Earlier this year, social networking giant Facebook finished construction of its newest data center in Pineville, Oregon. In a press release, Facebook officials touted the new facility as "setting new standards for environmental responsibility in data center design and operations." Those standards incorporate renewable energy tactics such as rainwater reclamation, solar energy, and heat recycling.
By now, the energy-saving advantages of environmentally friendly efforts in IT are clear, even if companies don't always practice them. Even rather token efforts that make grossly inefficient data centers slightly less so can result in significant cost savings, given the escalating cost of electricity.
But it's clear that energy efficiency will become only more important in the years ahead. That's especially true for data centers, as the demand for IT horsepower increases. So what are the best next steps in efficient data center operation? And is there a place for renewable energy sources such as solar and wind in the current data center equation?
The common metric used in measuring the energy efficiency of a data center is a simple one: PUE (power usage efficiency) = total facility power/IT equipment power. The desired PUE number is 1.0, a one-to-one ratio between the energy being used to power the IT equipment and the total energy being expended in the data center facility. Unfortunately, most data centers operate at a PUE of about 2.0 at best, according to industry sources.
That's why vendors tout the PUE of their green compute technology. For instance, Hewlett-Packard claims its POD (performance-optimized data center) systems, which are self-contained high-end computing units, operate at a PUE of 1.2. That energy efficiency mainly comes from the systems' use of "innovative cooling techniques," says Jon Mormile, HP product marketing manager for POD. Keeping hot-running computer servers cool while they chug away is a major factor in the PUE discrepancy.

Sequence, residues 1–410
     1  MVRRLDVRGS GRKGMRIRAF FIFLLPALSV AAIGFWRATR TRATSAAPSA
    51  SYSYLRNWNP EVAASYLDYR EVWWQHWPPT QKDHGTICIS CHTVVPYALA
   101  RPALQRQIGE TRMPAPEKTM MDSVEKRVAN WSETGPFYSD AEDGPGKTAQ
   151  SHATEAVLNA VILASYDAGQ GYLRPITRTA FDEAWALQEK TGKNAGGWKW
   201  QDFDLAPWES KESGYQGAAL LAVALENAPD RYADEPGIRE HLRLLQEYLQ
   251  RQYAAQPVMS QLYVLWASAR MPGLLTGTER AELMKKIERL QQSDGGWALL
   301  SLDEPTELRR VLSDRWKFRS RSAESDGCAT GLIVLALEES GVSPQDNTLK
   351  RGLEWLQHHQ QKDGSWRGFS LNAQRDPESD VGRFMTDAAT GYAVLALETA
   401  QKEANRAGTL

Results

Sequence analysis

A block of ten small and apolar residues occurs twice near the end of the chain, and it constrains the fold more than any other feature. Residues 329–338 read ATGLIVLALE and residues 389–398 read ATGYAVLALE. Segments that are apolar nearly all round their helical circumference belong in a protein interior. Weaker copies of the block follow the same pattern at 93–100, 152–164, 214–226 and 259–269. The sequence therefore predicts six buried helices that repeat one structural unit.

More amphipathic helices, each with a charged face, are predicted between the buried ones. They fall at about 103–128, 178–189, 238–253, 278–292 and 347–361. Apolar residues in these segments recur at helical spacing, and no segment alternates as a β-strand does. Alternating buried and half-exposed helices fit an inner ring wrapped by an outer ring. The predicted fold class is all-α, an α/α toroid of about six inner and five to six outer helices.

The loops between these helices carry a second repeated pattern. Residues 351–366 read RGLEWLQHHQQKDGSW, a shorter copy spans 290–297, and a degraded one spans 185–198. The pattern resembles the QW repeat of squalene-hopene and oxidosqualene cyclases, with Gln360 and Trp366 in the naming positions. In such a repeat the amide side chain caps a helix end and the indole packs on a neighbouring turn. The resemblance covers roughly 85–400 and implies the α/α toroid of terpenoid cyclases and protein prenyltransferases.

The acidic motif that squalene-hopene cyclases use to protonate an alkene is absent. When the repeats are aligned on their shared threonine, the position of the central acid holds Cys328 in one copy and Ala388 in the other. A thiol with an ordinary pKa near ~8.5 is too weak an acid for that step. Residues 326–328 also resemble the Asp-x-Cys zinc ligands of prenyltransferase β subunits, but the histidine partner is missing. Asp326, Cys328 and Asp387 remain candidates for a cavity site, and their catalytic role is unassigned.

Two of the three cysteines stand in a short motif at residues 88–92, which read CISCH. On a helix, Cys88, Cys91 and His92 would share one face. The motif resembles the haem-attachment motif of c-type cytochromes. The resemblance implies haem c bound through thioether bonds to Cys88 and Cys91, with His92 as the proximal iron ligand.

For its part, Facebook claims a PUE of 1.07 for the data center design it employed in its Pineville facility, a design it has made public in support of its "Open Compute Project." Unlike its Web 2.0 rival Google, which keeps its data center designs highly proprietary, Facebook launched its "open source" data center effort "to share our designs and collaborate with anyone interested in highly efficient server and data center designs," said Jonathan Heiliger, VP of technical operations at Facebook, in a statement.
Nonetheless, that impressive efficiency number does not include the energy Facebook is generating with it solar-panel array. That energy will be used to provide electricity to the office areas that support the data center, according to Facebook.
Which doesn't surprise Jack Pouchet, director of energy initiatives at Emerson Network Power, a division of multinational Emerson Electric. Because data centers are "energy dense" they're "not a perfect fit for solar," says Pouchet, who refers to himself as Emerson's "green guy." Renewable energy sources such as solar panels and wind turbines usually don't generate the volume of electricity needed to power a data center completely. They also come with inherent limitations, which include the requirement for generous amounts of sun and wind along with the space needed to set them up.